This week there were 3,143 passengers aboard Carnival Triumph who were set to make an unexpected debarkation in Progreso, Mexico. Of the total, 900 of them were traveling without passports. The passengers boarded Carnival Triumph in Galveston, Texas, where they also expected to leave the ship Monday. That's called a closed-loop cruise and passports are not required for such itineraries.
When I heard about the fire on board last Sunday and the need to tow the ship to a Mexican port—with plans to fly passengers home from there—I wondered how many of them do not have passports. Even though Mexico is a friendly neighboring country that shares a lengthy border with the United States (including Texas, incidentally), it's still a foreign country and a passport is required for flights into and out of Mexico. No doubt that Carnival Cruise Lines would have done everything possible to smooth the way for their inconvenienced passengers, but their task would have been complicated by the lack of passports for nearly a third of them.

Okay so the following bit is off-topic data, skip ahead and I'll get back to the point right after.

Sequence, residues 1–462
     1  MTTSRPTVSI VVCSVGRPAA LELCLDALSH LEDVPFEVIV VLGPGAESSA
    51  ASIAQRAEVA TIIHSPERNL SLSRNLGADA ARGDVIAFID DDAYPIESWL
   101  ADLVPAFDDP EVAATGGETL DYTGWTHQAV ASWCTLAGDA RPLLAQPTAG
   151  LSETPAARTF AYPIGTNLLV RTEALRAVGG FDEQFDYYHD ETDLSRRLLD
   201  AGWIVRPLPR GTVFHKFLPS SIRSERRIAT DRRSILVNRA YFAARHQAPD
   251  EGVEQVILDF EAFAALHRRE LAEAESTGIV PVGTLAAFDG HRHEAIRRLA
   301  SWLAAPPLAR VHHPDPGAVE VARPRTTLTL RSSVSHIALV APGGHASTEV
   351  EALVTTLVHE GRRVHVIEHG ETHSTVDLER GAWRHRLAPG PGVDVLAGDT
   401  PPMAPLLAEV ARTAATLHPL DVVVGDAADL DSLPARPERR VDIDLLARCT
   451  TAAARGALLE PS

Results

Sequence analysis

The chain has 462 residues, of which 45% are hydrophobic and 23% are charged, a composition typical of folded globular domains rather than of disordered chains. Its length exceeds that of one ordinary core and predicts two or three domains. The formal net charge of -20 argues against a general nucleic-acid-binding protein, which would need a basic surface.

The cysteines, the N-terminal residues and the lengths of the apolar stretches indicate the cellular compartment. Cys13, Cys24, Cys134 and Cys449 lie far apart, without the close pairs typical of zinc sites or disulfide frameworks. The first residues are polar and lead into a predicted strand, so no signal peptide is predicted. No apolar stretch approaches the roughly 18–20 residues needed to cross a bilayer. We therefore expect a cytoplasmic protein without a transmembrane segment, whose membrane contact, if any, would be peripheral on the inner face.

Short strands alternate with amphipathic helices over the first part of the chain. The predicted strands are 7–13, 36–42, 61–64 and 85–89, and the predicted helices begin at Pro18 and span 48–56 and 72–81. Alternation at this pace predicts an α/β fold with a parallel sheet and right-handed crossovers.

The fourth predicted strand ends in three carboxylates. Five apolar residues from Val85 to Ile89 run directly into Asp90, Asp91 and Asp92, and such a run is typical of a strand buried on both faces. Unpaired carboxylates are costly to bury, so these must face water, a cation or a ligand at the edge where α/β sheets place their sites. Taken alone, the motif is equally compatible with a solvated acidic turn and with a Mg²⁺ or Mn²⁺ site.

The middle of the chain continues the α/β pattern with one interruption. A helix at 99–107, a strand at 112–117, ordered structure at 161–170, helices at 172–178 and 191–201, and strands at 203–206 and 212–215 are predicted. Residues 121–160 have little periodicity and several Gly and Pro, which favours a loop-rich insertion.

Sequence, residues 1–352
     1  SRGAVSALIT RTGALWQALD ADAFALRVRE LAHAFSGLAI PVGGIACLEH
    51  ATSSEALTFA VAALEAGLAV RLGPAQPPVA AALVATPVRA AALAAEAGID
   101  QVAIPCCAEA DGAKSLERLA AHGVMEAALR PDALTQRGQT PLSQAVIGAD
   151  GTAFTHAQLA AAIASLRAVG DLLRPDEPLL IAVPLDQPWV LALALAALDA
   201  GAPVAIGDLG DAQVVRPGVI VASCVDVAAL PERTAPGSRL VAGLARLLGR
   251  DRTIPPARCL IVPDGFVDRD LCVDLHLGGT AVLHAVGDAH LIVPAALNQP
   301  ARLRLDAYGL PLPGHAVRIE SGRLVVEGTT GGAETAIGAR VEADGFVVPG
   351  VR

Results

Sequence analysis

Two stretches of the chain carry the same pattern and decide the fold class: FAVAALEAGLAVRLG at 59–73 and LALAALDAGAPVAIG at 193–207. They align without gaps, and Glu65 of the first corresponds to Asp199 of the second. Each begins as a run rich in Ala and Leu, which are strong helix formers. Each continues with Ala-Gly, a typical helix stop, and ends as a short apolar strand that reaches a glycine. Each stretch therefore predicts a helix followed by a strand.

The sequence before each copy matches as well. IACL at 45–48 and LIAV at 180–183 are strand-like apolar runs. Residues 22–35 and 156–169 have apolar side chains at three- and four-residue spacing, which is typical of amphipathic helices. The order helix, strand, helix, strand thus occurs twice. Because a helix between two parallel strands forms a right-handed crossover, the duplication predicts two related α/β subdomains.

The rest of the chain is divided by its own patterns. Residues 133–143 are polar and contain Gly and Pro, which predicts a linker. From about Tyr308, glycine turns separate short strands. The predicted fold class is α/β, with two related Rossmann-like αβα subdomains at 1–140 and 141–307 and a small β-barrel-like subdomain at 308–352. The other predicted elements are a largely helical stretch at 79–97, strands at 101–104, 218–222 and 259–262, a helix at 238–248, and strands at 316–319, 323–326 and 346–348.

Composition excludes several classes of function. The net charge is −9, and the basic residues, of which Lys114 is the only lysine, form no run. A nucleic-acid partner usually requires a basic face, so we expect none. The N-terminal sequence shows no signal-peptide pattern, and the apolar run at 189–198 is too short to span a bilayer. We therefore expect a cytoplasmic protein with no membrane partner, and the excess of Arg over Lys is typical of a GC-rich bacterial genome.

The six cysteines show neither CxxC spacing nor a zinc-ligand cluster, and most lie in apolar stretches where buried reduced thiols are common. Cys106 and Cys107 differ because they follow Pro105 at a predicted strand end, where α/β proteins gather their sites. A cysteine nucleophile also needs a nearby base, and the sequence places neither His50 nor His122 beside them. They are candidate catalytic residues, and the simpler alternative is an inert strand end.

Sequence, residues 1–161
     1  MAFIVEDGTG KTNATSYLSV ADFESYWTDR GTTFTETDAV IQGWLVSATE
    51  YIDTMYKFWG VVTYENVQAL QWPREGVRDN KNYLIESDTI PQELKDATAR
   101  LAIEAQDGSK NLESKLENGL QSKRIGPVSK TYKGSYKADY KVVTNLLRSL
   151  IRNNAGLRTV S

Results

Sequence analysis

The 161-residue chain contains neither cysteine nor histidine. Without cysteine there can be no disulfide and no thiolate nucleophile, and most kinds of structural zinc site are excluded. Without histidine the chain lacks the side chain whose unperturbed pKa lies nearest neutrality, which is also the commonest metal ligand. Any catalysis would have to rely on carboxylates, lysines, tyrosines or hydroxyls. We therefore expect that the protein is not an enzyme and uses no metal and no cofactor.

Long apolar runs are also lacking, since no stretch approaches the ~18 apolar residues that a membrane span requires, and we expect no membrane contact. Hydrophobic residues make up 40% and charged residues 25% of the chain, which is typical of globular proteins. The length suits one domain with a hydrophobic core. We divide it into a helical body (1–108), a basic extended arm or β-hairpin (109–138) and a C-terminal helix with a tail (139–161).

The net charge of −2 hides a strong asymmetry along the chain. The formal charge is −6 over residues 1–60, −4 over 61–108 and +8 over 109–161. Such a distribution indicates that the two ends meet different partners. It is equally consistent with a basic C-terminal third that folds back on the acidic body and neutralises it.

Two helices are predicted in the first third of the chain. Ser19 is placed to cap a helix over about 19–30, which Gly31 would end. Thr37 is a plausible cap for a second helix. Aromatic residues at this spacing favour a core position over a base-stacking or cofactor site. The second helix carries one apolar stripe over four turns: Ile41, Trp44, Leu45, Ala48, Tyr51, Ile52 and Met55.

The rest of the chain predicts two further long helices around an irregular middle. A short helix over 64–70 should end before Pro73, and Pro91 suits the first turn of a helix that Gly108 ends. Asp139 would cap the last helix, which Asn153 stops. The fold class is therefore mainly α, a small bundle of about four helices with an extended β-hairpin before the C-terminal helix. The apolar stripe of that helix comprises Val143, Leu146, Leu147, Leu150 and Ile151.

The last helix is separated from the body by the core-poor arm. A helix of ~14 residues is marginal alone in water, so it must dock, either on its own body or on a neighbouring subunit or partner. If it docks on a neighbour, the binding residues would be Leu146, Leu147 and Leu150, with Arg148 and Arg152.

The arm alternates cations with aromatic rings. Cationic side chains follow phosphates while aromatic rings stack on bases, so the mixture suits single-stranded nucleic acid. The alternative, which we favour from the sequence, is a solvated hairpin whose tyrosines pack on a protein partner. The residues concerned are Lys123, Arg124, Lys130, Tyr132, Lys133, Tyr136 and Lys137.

The good news is that instead of disembarking in Mexico, Carnival Triumph's passengers will end their journey in Mobile, Alabama. No doubt there are 900 non-passport-holders on the ship who are relieved that they don't have to deal with immigration authorities in Mexico.
I've heard all the reasons why cruise travelers don't bother with getting passports and the one that is the least valid is, "passports cost too much for our entire family." Well then, my advice is to stay home and save up until you can afford the one document for each family member that will INSURE that you can disembark a ship in a foreign port and fly back to the United States without worry. You never know when an emergency will make that necessary and you can't count on American embassies or consulates to be of much assistance. For the passengers on Carnival Triumph who don't have passports, this should be a real learning experience.